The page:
How the relationship was portrayed on TV is exactly how it is. We have great fun, adorably sweet moments when weíre loving each other, and then there are moments when we want to kill each other.
Rebecca: Yeah. How the relationship was portrayed on TV is exactly how it is. We have great fun, adorably sweet moments when weíre loving each other, and then there are moments when we want to kill each other. So the relationship is so tumultuous, and itís soóI dare to use the word toxic, but it kind of is. And I think watching it on TV really helped me to see that.

miri: Really? Not just going through it, but then when you actually saw it, it just really helped bring home to you that maybe you guys wereó

Rebecca: Absolutely. Absolutely, yeah. On the Race, I was like, this is never going to work. This isnít something thatótraits that Adam has, a lot of them are amazing. Heís passionate, and heís a wonderful person. And I donít think that came across on TV. What did come across is definitely a huge of part of him, too, and thatís not really what I want for me in my future.

miri: Right. The impression I got, just from watching itóand I know that we only are seeing part of the pictureóis that it seemed like you guys were great people by yourselves, but something about you seemed to bring out the worst in each other at times.

Rebecca: Yeah. Itís like weíre all kind of like chemicals, and some people blend with each other and some donít. And itís sort of intangible. You donít know what exactly makes it work with somebody and doesnít make it work with somebody else. But the way Adam and I are, it just does not bring out the best in us.

miri: Right. So he was the one who was the bigger fan of the show. But you had seen previous seasons?

Rebecca: Iíd seen one, yes. I think it was Season 3, with Flo and Zach.

Tribefan: That would be Season 3, yeah.

miri: Right. You got one of the good ones there.

Rebecca: Adam watches it with all his friends and his family. Itís a ritual, every night it comes on. And Iíd just started dating him, and I got sucked into it. And I was like, wow, this is really good. I remember even saying out loud, I think, ďAdam, weíd be amazing on this.Ē And he was like, ďYeah, right.Ē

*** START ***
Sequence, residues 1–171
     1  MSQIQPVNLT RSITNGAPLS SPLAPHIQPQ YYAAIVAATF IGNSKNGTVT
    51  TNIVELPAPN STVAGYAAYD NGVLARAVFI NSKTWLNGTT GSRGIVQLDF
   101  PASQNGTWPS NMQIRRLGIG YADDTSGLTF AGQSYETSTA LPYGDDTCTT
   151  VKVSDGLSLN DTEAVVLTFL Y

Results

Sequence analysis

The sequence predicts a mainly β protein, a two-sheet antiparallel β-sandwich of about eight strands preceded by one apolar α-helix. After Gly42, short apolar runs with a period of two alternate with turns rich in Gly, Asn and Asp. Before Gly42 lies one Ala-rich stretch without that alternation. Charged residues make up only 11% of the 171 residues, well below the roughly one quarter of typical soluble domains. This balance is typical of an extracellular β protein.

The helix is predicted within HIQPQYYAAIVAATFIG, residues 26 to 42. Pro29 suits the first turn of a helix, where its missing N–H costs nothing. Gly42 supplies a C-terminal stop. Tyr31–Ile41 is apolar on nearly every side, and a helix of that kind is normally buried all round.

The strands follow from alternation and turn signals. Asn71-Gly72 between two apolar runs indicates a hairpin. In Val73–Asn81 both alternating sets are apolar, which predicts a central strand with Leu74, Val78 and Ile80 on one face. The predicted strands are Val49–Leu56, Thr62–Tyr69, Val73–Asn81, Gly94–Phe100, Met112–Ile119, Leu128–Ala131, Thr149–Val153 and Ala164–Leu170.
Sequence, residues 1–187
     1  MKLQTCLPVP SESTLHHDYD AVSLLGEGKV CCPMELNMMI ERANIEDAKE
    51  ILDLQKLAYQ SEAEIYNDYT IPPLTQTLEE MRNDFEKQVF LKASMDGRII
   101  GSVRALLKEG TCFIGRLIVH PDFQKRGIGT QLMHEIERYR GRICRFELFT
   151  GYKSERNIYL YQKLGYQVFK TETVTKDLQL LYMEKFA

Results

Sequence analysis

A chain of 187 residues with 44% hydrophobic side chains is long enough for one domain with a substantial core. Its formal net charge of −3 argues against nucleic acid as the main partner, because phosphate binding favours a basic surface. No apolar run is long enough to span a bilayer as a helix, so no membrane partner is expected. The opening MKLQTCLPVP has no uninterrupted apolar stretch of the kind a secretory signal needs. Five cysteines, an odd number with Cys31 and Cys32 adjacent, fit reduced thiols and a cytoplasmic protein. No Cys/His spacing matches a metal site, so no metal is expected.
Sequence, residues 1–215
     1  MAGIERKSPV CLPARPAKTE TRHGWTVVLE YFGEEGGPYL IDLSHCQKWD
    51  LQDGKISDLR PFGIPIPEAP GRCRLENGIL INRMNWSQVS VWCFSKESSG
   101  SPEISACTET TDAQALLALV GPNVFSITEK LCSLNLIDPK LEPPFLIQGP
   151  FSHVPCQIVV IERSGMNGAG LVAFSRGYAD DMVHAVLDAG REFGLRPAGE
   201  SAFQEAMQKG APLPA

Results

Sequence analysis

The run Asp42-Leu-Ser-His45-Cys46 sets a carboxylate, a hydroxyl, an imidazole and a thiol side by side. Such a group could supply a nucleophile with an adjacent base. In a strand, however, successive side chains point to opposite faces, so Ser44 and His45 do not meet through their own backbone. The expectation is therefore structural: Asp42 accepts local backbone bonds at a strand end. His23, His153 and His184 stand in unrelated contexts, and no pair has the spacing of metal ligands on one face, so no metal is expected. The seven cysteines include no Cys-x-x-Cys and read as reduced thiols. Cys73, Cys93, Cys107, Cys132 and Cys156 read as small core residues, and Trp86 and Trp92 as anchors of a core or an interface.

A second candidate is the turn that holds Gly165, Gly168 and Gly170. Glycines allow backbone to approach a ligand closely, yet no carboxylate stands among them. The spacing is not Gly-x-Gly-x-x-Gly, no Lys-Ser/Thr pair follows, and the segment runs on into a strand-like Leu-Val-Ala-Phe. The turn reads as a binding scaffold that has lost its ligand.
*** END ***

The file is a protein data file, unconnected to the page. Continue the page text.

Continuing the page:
miri: So was it hard to talk him into doing it, given his fears and his need for routine?

Rebecca: Oh God, no. He was gung-ho about it from the get-go. Yeah. No, he was real excited about it. And it was an interesting four months. You know, there were a lot of highs, and then we wouldnít hear from them for a few weeks, and then weíd get a call, and it was like another high, and then another bout of time when we wouldnít hear anything. So it was a lot of up and down, and it was a very tense period. Because the further you get in the casting process, the higher the stakes are. And itís like, God, like if we were told, ďThanks for investing all this time and energy but itís just not going to work out,Ē that call was something I dreaded every day.

miri: Right. Especially since youíd been through that before.

Rebecca: Yeah. It was a little different this time, though. The first time, the guy that I auditioned with I really didnít care for in the same way as Adam. Not nearly. I actually was kind of dreading being with him. I was hoping I didnít get it. I remember going to the in-person interviewóit was like the third or fourth callbackóand I was driving there with him, and I go, God, I really donít think I want to do this with this person. I really donít like him.

Tribefan: At least you recognized that.

miri: So it was for the best that you didnít get picked for that season.

Rebecca: I think subconsciously I kind of sabotaged it, yeah. They asked meóbecause they wanted to create tensionóďWould you care if Glen would meet another girl?Ē Iím like, ďNo, I wouldnít care at all.Ē

[Laughter]

Rebecca: They asked me the same question with Adam, and I was like, ďI would be killing somebody.Ē

Tribefan: Ah hah. They probably could see the lack of chemistry. If they said that they wanted you to have a partner who had more chemistry with you, they could see that, because, as you said, you probably did sabotage it a little.

Rebecca: Yeah. I knew in my heart of hearts that we were going to get picked. I knew it.

Tribefan: And you did.

Rebecca: Yeah. We did.